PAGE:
In today’s society we are tuned in to the mass media almost constantly. It is nearly impossible to avoid, and we are immediately informed of any event no matter how minor or remote. People have become so plugged-in that they evidently have difficulty distinguishing what the media feeds them from reality. (The obvious paradox here is that I am technically part of the media, but we won’t get into that now. PAY NO ATTENTION TO THE MAN BEHIND THE CURTAIN!) The death of a celebrity appears to be a real loss because people have been following that celeb’s very public life, often for long periods of time. They have shared truly (well, not really truly) intimate sides of themselves on the big screen or in song, and we have placed those images in our minds next to important events in our lives. “His song was on when we danced our first dance,” or “when she climbed out of that pool and took off her bikini top I nearly dehydrated myself from furious masturbation,” etc. When a celebrity dies all of their faults somehow magically fade away and what is left is their body of work and whatever influence they have had on the perceived reality of our plugged-in lives. The sad part is that people that are continually plugged-in often do not know how to unplug and focus on the actual human relationships surrounding them and engage in real human emotions on a day-to-day basis.

Modern society has provided us with such luxuriousness that people have little real strife in their lives, so they must over-amplify the seemingly remote and meaningless in order to have an occasional vent. Food, shelter, healthcare, longevity, employment and recreation are all so readily available to us that we have very little to complain or worry about…until one day the man on the screen says The King is dead. Then the fakery begins and mass hysteria abounds for weeks. I guarantee that you will not see any pictures of dusty starving citizens of the third-world with flies crawling on their eyeballs bawling over Michael Jackson’s death. They have very real problems to deal with. Yet, people in opulent countries appear to be experiencing real “grief” and “anguish” over the “loss” of someone so dear to them that they have never met, were never likely to meet, and haven’t even thought about for twenty years. I just don’t understand it. If we are to actually grieve over someone that we have never even spoken directly to, what emotion is left for people that are actually integral to our lives? When we say it is a “tragedy” that a 50 year old man dies too soon what descriptive words shall we use for, say, a children’s burn ward?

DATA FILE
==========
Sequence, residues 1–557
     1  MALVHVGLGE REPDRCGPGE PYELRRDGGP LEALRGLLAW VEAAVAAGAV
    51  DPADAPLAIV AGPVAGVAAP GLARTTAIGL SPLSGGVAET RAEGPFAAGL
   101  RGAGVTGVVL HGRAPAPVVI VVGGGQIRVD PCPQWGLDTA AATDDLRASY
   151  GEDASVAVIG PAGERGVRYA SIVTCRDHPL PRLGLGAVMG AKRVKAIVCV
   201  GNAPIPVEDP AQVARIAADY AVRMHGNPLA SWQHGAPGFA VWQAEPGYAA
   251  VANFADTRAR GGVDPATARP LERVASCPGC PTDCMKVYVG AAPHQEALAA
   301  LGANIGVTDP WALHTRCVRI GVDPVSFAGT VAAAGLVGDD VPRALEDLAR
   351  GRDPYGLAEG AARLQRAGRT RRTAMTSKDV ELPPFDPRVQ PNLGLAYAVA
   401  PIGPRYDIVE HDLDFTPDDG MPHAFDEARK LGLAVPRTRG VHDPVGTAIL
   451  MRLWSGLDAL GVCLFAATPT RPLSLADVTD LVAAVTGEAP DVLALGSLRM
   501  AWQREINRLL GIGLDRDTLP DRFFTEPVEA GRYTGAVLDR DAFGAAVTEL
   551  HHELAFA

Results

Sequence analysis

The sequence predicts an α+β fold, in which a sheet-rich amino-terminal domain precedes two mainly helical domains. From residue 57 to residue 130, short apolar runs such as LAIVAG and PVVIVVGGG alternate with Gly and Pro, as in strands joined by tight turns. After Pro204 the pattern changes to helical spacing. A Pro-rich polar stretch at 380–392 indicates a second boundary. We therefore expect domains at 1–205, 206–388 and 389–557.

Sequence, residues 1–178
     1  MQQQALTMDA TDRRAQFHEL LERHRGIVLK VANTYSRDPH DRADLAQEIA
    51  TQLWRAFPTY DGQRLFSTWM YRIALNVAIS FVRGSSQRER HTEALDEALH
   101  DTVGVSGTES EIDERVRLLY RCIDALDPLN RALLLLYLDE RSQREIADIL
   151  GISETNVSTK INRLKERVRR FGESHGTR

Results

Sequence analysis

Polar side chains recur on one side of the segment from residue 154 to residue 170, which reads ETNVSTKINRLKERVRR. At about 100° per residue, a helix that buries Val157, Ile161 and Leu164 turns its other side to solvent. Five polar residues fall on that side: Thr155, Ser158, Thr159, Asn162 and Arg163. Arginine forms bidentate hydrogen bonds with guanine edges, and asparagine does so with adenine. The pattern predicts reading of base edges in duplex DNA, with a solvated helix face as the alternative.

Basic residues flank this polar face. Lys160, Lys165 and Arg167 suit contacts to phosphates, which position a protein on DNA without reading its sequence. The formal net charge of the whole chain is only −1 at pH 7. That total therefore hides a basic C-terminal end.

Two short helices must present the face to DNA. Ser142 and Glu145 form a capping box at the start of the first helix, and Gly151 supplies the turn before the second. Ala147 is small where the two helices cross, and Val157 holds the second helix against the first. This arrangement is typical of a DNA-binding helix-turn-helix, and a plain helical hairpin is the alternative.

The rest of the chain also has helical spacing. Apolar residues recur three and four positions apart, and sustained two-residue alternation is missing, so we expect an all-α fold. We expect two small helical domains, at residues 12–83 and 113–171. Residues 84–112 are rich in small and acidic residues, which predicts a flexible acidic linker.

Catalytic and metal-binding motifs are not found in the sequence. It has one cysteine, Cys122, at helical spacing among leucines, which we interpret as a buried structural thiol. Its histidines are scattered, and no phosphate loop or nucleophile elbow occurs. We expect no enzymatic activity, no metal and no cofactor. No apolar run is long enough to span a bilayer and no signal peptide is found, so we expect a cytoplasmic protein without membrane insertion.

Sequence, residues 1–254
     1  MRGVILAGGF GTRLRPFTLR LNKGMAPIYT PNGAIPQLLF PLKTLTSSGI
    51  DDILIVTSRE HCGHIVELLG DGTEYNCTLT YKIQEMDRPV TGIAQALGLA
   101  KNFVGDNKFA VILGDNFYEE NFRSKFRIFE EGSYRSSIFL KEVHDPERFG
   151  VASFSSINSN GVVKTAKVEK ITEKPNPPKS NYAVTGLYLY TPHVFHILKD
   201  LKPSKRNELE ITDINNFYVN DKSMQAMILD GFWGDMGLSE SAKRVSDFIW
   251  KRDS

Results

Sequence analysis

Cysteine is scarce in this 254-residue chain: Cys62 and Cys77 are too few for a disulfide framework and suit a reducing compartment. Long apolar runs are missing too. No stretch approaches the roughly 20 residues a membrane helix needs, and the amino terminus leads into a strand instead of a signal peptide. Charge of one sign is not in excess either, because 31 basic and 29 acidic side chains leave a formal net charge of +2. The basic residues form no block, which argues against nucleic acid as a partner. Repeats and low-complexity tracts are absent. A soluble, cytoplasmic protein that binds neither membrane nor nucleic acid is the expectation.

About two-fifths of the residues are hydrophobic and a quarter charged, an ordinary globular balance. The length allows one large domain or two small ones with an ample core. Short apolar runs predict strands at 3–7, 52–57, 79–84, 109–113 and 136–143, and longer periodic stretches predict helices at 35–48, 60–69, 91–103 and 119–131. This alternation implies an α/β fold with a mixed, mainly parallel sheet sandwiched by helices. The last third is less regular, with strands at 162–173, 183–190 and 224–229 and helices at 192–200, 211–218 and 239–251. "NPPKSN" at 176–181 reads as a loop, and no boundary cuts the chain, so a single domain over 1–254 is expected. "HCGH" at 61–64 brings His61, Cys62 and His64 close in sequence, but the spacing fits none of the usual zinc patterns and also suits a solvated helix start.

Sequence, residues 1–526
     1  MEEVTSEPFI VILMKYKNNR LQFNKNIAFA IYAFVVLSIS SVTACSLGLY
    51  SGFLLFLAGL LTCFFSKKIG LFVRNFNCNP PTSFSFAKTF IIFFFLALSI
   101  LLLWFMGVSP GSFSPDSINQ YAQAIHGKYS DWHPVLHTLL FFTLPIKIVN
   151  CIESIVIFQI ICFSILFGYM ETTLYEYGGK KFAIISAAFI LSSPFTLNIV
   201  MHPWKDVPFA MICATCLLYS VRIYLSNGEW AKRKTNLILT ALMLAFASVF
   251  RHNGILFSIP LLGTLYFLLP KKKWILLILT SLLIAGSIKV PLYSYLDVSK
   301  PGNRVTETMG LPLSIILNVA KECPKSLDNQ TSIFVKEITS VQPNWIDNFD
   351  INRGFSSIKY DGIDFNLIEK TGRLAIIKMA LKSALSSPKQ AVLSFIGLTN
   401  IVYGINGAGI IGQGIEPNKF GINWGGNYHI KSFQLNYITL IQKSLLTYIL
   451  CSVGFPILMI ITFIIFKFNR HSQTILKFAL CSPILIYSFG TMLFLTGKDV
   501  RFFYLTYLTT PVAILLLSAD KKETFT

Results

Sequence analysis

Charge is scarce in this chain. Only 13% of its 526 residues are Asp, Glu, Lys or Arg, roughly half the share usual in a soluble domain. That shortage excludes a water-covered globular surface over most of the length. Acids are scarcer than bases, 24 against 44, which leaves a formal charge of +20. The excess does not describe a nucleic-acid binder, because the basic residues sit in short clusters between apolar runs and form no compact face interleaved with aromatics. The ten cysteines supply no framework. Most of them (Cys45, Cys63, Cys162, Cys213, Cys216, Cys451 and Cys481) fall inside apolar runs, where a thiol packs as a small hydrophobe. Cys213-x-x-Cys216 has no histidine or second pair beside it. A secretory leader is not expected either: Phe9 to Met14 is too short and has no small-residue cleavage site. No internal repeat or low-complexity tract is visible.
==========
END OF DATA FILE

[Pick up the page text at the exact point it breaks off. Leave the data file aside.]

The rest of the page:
The same sort of massive public outpouring of emotion occurred for Princess Diana, John Lennon, Elvis, JFK, etc. Does the public need this hysteria every 15 years or so to cleanse its emotional baggage? I guess it’s like Clemenza says in The Godfather: “These things gotta happen every five years or so, ten years. Helps to get rid of the bad blood. Been ten years since the last one.” (Don’t hear too many Clemenza quotes, do you?) Is it somehow necessary to have a public display of emotion for something as seemingly banal as the death of a weird-ass suspected pedophile exhibitionist shut-in that O.D.’s on prescription medication? I don’t know, but I doubt it.

The whole public display just seems fake and forced and shameful. It smacks of glomming onto something larger than oneself in order to feel like you are somehow involved in an historical event, or a perceived historical event, or whatever the hell this circus act is. When I was in High School a close friend of mine was killed in a car accident. He fell asleep at the wheel and collided with a culvert in a ditch as he drove off the road. His death affected me at that time, but I saw a large group of people (mostly girls) that took the opportunity to grieve publicly even though they barely even knew his name. Even people that claimed they hated him when he was alive jumped in on the emotional bandwagon. To me that type of behavior is not only selfish, but it can be harmful to the people that are actually grieving for some concrete reason other than joining in on a chance to cry in public. I can give H.S. kids a pass since they are just figuring out what emotions are, so they must play with them like a kitten plays with a ball of string. Adults, however, have no excuse. I often wonder how someone that cries at a spontaneous public memorial for a celebrity that pops up on the side of the street feels when a family member dies. Do they feel silly as they look back on their reaction to the celebrity death or are they really just emotional basket-cases all of the time? Maybe I am really just a misanthropic heartless bastard, but the whole thing just seems strained, empty, degrading, and pre-packaged for television.

But that’s just my opinion, and what the hell do I know? Anyone else care to chime in?